This became quite obvious in the 1960s, when almost-ideal fictional heroes such as Lucas McCain and idealized historical ones such as Washington (“I cannot tell a lie”) were replaced by the next degeneration. We saw, for instance, Star Trek’s Captain James T. Kirk. He was certainly courageous, just, generally honest, and exhibited varying degrees of most of the other virtues, but faith was completely absent. And chastity? Kirk was the embodiment of “Hugh Hefner Blasts Off.”
The ’60s also saw the rise of the antihero, an individual whose supposed appeal is that he lacks some of the heroic virtues. A prime example was Clint Eastwood’s spaghetti-western character; known as the “Man With No Name,” he was also the man with little virtue. He certainly displayed courage, fortitude, and diligence, but the other virtues were either sorely lacking or absent. Of course, being a crack shot and quintessentially “cool,” he certainly could influence the young emotionally.
And the problem today is twofold: We not only don’t understand virtue very well, but we also mock it. As American Thinker’s Barry Rubin put it while commenting on contemporary entertainment in his 2008 piece “Detecting Real Heroes,” “Someone who appears moral is, of course, instantly identifiable as corrupt. In a television show, film, or whatever, if a sincere religious believer (except for a Muslim) or a clergyman appears, you know he is stealing from the poor box. That stereotype holds and you can tell from the start who the villains are.” In keeping with this, virtue is cast as vice. If someone appears chaste, he just must have a sexual problem. Honesty is devalued, with our “heroes” being masters of Machiavellian deceit. Kindness has given way to coolness, selflessness to selfishness, and forgiveness to a fearsome vindictiveness. Understand, though, that this occurs not because of any intellectual understanding that what was once called virtue actually isn’t so, but because vice feels right. As ancient Chinese sage Confucius put it (I’m paraphrasing), “I never knew anyone who loved virtue as much as sex.”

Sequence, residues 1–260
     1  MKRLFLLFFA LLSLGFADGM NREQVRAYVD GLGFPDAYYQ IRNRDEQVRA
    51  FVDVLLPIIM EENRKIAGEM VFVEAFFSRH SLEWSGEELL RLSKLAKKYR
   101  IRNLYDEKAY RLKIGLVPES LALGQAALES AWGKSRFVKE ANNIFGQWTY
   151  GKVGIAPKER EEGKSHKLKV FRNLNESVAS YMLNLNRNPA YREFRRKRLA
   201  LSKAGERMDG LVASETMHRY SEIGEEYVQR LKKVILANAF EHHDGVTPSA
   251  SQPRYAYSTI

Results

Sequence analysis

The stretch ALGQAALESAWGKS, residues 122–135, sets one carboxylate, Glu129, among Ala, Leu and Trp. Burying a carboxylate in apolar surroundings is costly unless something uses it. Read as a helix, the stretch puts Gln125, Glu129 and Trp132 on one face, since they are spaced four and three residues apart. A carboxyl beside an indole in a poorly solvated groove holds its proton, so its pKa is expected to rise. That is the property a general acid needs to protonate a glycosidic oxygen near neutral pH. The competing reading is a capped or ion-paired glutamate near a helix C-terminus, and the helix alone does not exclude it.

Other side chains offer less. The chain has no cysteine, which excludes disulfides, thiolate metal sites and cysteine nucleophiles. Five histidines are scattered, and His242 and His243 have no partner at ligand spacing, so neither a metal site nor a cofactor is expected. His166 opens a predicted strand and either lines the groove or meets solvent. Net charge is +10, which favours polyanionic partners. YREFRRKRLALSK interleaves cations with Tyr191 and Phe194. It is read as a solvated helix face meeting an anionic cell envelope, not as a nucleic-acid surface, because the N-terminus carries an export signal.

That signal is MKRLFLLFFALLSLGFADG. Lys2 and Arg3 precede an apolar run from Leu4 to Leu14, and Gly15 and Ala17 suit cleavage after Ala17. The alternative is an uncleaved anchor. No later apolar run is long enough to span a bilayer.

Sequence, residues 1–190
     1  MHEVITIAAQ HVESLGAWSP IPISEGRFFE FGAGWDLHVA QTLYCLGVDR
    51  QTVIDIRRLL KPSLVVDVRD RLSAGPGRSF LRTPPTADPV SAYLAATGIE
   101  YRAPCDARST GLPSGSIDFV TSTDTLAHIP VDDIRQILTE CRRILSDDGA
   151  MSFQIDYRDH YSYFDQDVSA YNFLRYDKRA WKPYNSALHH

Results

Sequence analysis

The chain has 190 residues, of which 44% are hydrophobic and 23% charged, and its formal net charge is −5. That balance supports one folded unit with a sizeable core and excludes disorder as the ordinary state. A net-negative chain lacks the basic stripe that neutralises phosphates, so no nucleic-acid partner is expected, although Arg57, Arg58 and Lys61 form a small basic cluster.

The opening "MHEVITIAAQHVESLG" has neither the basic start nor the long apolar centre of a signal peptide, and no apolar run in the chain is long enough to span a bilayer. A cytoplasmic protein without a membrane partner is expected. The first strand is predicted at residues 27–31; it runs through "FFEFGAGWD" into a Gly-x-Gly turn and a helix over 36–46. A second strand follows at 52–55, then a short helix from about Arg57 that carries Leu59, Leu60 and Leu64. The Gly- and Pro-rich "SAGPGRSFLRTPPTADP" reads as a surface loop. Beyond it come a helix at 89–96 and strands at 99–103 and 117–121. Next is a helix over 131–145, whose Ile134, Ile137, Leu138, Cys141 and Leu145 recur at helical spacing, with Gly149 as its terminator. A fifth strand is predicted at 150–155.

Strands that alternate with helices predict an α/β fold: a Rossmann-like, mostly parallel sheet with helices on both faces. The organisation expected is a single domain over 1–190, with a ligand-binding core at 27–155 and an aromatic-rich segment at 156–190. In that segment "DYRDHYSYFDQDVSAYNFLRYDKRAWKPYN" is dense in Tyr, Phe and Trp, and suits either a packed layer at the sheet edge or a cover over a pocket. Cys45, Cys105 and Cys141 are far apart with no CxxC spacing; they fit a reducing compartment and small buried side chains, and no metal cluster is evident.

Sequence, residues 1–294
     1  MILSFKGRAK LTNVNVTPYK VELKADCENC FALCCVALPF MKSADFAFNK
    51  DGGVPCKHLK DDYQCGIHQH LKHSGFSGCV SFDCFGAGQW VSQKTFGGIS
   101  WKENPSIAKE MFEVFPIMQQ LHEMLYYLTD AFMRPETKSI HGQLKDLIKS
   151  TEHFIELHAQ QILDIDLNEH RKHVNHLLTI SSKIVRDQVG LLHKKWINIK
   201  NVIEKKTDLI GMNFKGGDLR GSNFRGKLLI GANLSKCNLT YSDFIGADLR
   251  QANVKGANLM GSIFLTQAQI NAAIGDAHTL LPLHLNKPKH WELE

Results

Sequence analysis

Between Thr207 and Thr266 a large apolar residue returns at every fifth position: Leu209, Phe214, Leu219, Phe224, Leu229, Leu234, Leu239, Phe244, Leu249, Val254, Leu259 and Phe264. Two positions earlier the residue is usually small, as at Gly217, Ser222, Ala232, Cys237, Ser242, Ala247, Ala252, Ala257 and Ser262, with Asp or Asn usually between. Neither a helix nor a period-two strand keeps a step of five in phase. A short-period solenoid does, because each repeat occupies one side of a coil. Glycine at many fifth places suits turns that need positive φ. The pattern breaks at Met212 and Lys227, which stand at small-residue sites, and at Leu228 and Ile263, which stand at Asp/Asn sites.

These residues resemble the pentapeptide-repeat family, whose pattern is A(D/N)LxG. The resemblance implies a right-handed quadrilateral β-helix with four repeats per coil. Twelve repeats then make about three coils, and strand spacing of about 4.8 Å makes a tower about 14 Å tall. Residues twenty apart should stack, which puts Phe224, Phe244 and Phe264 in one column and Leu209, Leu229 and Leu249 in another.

This brings us to the crux of the problem: A majority of modems cannot even believe in virtue, properly understood. Virtues are expressions of Truth, by definition absolute and transcendent. But awash in moral relativism, most Westerners today–and virtually everyone in the arts–believe that what we call “right and wrong” is merely an expression of the collective preference of the moment. And among people divorced from Truth, “the most common basis for moral decision-making [is] doing whatever feels right,” as the Barna Group research company put it in 2002. In this relativistic universe, there are no virtues, and hence no “good guys” and “bad guys” in any real sense, only competing feelings and fancies.